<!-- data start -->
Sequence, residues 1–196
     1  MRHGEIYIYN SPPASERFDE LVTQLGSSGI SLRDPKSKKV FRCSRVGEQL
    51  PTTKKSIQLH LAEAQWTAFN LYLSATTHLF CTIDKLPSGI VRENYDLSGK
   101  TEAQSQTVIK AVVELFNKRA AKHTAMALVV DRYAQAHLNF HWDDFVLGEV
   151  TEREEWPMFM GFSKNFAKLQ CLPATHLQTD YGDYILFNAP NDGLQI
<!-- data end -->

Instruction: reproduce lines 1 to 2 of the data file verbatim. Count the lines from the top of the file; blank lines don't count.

Sequence, residues 1–196
     1  MRHGEIYIYN SPPASERFDE LVTQLGSSGI SLRDPKSKKV FRCSRVGEQL